Caithness Map :: Links to Site Map Paying too much for broadband? Move to PlusNet broadband and save£££s. Free setup now available - terms apply. PlusNet broadband.  
Results 1 to 1 of 1

Thread: The nostalgic North

  1. #1
    Join Date
    Jun 2010

    Default The nostalgic North

    Back to school and a trip down memory lane

    THERE will always a special place in our hearts for our early schooldays. They account a significant percentage of our early education, the longest periods we have been away from our parents, meeting and making new friends and tackling new challenges in new surroundings.
    The strength of our affection for our old alma mater was almost tangible as my sister Lois and I mingled with the crowds that converged on Wick North School's second open day on Saturday, in advance of that heartbreaking demolition.
    There were former pupils and some of the younger generation who had come along to see where dad and mum, or granny and grandpa first embarked on their education.
    A steady stream of folks meandered through the corridors of the North, stopping to deliberate on which teachers had taught in which classrooms and comment on the change in the layouts. The main exhibition was in the gym where a plethora of pictures and memorabilia was laid out, in well- organised displays, the spectators craning their necks to quizically scan black and white class photos, in the hope of picking themselves out.
    The old belts, two in number were, there to remind some former pupils of times when they were on their receiving end for misdemeanours. I have to say that the short two, two-tailed tawse were less formidable looking, than I remember the straps but maybe they were designed to administer a gentler rebuke to younger palms.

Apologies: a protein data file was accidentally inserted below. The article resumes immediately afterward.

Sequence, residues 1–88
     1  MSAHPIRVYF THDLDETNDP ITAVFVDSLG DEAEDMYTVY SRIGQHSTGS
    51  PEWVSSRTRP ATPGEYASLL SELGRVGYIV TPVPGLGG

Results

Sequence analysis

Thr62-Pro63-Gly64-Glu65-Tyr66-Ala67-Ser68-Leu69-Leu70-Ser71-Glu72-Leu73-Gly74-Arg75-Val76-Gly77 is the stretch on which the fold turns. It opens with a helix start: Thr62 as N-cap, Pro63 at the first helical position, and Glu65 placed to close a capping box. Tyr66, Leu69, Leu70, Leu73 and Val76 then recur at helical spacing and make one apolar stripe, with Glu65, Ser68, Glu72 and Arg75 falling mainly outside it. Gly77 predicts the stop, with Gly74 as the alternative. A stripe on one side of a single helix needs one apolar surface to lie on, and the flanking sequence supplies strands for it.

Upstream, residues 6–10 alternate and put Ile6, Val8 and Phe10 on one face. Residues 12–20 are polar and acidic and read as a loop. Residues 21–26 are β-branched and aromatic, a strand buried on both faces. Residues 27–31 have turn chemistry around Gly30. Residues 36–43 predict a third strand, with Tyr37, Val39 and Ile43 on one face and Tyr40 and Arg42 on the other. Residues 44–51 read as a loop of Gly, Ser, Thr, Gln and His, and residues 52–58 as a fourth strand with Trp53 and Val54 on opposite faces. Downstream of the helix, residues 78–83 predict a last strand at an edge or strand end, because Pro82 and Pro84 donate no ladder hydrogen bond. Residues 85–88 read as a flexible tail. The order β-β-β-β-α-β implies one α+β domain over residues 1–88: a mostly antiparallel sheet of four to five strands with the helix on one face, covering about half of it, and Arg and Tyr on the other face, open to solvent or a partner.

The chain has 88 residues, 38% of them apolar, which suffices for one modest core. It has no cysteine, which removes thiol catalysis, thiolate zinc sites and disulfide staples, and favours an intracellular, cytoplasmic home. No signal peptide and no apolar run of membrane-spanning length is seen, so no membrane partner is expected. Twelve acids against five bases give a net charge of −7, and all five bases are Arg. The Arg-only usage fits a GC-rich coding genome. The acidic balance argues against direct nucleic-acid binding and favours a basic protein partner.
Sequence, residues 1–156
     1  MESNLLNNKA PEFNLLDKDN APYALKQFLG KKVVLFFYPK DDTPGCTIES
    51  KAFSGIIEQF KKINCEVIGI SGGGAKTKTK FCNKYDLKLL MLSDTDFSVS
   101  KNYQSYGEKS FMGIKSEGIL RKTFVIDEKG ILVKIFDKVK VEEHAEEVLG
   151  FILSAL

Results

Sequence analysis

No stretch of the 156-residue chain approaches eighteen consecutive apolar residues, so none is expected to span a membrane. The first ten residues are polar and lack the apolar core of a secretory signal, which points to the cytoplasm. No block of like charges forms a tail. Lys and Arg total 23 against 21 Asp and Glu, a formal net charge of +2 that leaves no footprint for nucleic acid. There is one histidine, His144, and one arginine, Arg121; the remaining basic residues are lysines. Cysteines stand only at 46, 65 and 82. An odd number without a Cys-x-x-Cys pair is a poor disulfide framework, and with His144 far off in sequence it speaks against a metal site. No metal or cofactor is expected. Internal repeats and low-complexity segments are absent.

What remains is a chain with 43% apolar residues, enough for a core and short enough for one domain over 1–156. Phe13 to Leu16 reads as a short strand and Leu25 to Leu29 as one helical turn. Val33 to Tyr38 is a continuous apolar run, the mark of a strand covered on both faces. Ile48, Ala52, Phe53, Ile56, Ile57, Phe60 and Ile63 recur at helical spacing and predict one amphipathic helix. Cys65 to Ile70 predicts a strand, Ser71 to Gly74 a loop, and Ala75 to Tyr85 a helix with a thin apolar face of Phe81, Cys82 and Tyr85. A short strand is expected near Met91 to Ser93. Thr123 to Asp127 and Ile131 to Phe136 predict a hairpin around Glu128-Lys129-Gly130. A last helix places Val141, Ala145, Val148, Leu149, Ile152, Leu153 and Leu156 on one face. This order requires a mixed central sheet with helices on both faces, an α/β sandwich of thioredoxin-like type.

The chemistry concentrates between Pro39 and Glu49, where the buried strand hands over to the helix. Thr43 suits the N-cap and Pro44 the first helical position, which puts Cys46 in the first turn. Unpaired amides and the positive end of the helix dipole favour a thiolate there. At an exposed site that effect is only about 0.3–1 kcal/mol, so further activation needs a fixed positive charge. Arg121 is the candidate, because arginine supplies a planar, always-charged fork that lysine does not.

Without wanting to get into a debate on the right and wrongs of the belts, I can't remember being punished without justification. The strap was frequently only threatened and I can still hear headmaster Ac Henderson's oft-times warning -"If I catch anyone walking on the grass - my room" where you knew you were not going to receive a gold star.
    I think we always knew where we stood and where the deterrent was stored and that it would be produced if and when necessary.
    However, there was one occasion, where a totally innocent pupil was leathered. There was a teacher called Minnie Stewart who taught on a ground floor classroom.
    There was a boy at one end of the long corridor who spotted a fellow pupil about to disappear at the other end. This boy at the first end shouted "Minnie, Minnie, Minnie" to the boy at the other, who had been linked to a female pupil called Minnie.
    Fate took a hand for as the lad disappeared from sight, the teacher, Miss Stewart came out of her classroom midway down the corridor to find out what the noise was all about.
    She heard the cry and took it as gross insolence aimed at her. The boy was marched into her room and despite protestations was soundly belted. When he did manage to get a word in edgeways, he explained that there had been no discourtesy intended. Goodness knows how Miss Stewart felt. I'm not sure whether the lad escaped a belting for a future transgression or not, but he certainly deserved exemption.
    There was no doubt, however, about the guilt of one of my classmates, Alistair Ross. The evidence was there for all to see. We were sitting quietly in Mr Bruce's class (Primary 7) one summer's day, when a titter rippled round the desks. Mr Bruce looked up and the titter died prematurely. His head went down on his marking but in no time at all, there was further tittering.
    Mr Bruce looked up again and once more the humour was terminated. The object of the controlled mirth was a frog Alistair had taken into the class after break. It was a common pastime to pull back the grass on the permimeter of the playpark - which janitor John Steven's toothy mower could not reach - to see if one could find a frog. I think we might have raced them.
    Anyway, so long as Alistair's frog which had made a break for freedom, was hopping between two rows of desks, it remained anonymous.